Ford Freestyle

Ford Freestyle

The Ford Freestyle had a four year production run, beginning in 2004 debuting with the 2005 model, before experiencing a name change to the Ford Taurus X in the 2008 model year. In a time before the term “crossover” was widely used, the Ford Freestyle was a true example of the species. The Freestyle enjoyed the maneuverability of a station wagon, the family versatility of a minivan, and the tough capability of an SUV. Indeed, the Ford Freestyle was warmly regarded by parents who need to get their children from point A to point B, but would rather do so without sporting a minivan.

Model Overview

With plenty of cargo room and seating for up to seven passengers in three separate rows, the Ford Freestyle offered an even ride, and its low-slung profile provided capable handling characteristics.  The platform used for the vehicle was borrowed from the numerous Volvo products in use at the time and proved a capable choice. 

Under the hood, Ford’s engineers installed a 3.0-liter, V6 engine that was fully capable of delivering 203 horse power and 207 pounds of torque power where it is needed.  Every model of the Freestyle came equipped with continuously variable transmissions, and buyers were given an opportunity to opt for either the front wheel drive variant or an all wheel drive variant for those living in dicey weather conditions.  Antilock brakes came standard during all model years, and numerous options included side-impact airbags, power-adjustable pedals, and rear parking sensors.   

Ford offered the Freestyle with three separate trim levels: SE, SEL, and the Limited edition.  The SE version came attractively equipped with air-conditioning, CD-player, power driver seat, second-row captain’s chairs, and full suite of power accessories as standard features.  The SEL version added an in-dash CD changer, automatic headlights, heated side mirrors and other amenities.  Finally, the limited version came with 18-inch wheels, dual-zone automatic climate control, front seat heaters, and an upgraded sound system.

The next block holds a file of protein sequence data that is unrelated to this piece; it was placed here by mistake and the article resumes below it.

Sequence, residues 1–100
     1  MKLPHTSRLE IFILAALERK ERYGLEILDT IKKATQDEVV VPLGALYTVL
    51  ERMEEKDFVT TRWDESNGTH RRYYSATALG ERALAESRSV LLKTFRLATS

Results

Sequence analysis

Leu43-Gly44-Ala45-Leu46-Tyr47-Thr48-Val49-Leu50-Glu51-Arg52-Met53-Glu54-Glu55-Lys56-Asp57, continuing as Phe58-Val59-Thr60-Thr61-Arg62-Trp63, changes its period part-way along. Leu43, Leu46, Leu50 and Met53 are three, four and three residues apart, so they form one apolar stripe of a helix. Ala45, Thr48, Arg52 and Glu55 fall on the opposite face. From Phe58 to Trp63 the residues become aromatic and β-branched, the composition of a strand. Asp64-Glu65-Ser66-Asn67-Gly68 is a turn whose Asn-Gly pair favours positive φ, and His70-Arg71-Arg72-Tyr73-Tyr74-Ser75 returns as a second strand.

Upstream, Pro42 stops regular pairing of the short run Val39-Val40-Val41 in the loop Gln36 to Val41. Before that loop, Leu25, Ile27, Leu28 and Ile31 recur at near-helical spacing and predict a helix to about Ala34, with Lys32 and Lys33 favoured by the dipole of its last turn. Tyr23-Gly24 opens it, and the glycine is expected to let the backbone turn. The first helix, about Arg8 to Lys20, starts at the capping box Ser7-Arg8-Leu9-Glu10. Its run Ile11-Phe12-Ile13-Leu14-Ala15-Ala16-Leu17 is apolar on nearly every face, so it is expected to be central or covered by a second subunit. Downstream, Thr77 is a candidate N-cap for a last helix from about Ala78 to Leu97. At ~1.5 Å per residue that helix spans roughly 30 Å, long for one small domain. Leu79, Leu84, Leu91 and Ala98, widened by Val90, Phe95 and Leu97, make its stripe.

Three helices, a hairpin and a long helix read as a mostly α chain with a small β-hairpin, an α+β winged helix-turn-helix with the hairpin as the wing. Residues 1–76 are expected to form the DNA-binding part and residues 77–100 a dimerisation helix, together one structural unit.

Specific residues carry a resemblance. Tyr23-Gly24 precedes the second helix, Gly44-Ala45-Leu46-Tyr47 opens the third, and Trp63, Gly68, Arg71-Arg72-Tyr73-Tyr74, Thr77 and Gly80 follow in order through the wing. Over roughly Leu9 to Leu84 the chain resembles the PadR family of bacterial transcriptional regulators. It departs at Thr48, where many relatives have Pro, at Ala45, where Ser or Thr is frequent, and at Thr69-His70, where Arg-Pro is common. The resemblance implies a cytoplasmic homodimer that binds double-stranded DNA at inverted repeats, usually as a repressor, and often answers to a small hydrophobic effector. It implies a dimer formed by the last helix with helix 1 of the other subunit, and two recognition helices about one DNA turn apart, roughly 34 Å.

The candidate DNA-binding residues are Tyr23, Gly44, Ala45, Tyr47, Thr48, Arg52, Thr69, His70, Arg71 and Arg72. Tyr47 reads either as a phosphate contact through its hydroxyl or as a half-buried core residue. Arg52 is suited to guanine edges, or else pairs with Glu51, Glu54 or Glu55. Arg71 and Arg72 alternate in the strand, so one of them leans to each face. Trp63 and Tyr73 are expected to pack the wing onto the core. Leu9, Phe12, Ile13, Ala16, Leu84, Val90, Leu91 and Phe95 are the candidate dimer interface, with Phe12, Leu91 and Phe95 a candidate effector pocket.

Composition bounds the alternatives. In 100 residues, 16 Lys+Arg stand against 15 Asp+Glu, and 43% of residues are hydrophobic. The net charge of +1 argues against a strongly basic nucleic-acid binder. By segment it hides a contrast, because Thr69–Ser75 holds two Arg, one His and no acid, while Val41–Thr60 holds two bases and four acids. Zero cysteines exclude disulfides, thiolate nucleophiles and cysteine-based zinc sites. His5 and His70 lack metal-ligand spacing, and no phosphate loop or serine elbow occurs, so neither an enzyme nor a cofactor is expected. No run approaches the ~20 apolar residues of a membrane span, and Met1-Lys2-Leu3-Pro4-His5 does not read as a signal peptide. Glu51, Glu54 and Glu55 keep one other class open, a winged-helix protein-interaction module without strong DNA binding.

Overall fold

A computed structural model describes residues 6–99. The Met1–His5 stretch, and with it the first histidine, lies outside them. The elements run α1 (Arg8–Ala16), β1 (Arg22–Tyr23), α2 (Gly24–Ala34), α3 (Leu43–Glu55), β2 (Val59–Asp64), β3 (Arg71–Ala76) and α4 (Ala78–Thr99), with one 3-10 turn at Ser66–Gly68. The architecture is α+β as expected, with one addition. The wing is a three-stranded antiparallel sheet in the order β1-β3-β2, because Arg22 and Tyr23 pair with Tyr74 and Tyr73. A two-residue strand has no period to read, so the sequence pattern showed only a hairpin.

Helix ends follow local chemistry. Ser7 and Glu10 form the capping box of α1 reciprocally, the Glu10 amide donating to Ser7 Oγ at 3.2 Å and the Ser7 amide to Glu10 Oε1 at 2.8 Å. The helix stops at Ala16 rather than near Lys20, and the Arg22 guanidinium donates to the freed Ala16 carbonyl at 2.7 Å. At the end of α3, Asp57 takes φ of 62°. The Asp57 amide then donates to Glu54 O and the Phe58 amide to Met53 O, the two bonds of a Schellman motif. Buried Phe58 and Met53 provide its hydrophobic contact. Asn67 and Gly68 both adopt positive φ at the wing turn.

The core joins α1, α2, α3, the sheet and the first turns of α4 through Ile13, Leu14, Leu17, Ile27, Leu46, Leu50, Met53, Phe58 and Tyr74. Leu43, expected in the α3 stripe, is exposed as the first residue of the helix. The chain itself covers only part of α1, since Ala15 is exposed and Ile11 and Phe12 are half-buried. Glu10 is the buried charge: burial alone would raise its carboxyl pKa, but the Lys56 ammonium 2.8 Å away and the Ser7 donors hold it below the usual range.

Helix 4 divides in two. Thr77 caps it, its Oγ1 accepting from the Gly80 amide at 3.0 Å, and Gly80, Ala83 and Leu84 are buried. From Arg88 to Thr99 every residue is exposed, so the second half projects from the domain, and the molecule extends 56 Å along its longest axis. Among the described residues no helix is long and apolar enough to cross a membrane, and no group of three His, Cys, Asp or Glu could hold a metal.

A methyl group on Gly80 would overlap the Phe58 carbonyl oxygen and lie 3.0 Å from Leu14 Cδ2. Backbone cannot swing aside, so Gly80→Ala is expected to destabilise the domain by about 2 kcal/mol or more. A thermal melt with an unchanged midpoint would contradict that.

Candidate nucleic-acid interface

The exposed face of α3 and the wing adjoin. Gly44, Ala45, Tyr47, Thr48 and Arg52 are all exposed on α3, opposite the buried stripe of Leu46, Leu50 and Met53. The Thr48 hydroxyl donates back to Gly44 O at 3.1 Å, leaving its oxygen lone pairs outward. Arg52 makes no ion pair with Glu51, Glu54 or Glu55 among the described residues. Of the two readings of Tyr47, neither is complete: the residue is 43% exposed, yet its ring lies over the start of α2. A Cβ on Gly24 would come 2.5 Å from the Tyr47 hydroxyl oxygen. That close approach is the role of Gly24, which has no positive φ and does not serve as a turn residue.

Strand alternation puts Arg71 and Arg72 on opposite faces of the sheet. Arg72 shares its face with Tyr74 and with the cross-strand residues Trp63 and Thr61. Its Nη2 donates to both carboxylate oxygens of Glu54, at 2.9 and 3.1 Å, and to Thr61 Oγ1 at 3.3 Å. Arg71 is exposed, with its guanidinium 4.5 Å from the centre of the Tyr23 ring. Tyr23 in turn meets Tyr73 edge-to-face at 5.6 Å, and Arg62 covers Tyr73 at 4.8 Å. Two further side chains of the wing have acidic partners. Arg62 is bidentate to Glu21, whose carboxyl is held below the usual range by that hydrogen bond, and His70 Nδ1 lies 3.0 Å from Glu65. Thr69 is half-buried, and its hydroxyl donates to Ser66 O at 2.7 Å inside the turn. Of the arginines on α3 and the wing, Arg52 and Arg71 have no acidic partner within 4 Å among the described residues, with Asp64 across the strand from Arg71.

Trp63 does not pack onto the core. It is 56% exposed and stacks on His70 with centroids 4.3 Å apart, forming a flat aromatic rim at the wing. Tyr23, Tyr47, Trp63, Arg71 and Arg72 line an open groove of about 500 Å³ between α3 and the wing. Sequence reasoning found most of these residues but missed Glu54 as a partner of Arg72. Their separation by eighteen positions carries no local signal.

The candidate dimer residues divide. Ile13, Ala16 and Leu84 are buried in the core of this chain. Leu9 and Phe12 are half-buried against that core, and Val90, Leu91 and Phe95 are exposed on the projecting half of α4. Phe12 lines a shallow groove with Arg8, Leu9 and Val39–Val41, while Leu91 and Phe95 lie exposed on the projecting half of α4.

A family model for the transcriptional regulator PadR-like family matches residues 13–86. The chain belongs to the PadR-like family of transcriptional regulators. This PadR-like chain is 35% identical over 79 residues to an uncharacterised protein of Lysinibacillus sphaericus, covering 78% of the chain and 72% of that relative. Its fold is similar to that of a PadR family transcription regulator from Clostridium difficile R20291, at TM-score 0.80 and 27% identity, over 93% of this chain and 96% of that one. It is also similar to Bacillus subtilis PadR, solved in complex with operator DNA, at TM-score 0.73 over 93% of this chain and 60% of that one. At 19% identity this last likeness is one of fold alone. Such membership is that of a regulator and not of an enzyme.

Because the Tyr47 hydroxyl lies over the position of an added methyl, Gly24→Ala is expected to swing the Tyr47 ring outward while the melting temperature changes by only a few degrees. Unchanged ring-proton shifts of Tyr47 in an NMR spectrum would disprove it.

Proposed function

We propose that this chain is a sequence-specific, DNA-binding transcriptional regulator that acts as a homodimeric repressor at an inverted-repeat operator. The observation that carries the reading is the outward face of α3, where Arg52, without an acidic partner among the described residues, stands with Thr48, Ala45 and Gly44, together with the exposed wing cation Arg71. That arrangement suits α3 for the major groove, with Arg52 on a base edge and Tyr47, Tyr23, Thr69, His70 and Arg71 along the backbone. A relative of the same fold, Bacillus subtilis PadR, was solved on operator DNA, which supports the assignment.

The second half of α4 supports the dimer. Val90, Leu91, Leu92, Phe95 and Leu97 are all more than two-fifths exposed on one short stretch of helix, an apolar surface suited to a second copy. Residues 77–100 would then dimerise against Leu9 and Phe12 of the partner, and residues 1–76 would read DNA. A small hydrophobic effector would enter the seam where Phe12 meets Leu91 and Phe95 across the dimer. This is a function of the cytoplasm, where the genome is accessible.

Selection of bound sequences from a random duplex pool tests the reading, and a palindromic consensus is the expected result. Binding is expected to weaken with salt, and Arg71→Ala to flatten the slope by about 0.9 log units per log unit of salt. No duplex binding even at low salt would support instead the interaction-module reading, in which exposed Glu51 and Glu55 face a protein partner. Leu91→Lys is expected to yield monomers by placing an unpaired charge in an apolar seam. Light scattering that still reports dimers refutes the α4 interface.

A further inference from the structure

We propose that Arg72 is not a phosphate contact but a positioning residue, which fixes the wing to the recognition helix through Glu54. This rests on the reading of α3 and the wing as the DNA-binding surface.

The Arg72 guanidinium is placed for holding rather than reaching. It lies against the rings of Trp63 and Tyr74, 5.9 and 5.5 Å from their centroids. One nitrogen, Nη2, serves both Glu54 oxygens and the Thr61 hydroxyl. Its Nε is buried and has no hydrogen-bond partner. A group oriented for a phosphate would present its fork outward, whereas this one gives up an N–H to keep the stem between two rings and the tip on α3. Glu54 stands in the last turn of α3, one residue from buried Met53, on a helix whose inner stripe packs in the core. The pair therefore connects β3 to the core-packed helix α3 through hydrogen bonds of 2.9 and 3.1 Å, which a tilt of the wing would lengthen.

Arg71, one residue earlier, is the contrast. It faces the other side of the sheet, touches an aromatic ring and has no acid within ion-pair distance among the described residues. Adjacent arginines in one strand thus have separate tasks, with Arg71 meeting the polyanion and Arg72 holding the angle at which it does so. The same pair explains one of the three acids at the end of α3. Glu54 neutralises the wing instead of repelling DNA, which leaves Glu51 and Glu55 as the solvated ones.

For those looking at purchasing a versatile vehicle for their growing family, the Ford Freestyle represents an excellent option for those people who need the added space, but eschew the minivan identification that gets tagged to soccer moms.


A variety of safety features were built into the Ford Freestyle to enhance passenger safety, and when you are totting around the precious cargo of children, you want to have as many safety features as you can manage, including:

  • 4-wheel ABS
  • Rear seat head restraint
  • Integrated safety belt.
  • Emergency trunk release.
  • Adjustable upper belt.
  • Energy management feature.
  • Child seat lower anchorage

Safety concerns were given primacy of place when designing the Ford Freestyle, and the beneficiaries of this attention to detail are the passengers inside. The National Highway Traffic Safety Administration gave the 2007 Ford Freestyle 5-stars, the highest ranking, in frontal crash test results and side crash test results.

Noteworthy Characteristics

Notable features of the Ford Freestyle crossover include standard features of the SE model include 17-inch wheels, six-way power driver’s seat, anti-lock brakes, driver’s door keypad, roof rack side rails, overhead console and privacy glass, and air conditioning.  Reviews at the time gave solid marks for the Freestyle’s ability to easily traverse rough pavements, while providing impressive handling characteristics.

Additionally, high marks have been afforded the vehicle for its low-slung profile.  With a floor that’s 10 centimeters lower than the Ford Explorer, but 15 centimeters higher than an average passenger vehicle, gives the driver a command level seating that provides ease of entering and exiting the Freestyle compared to typical SUVs and gives a superior view of the road around them.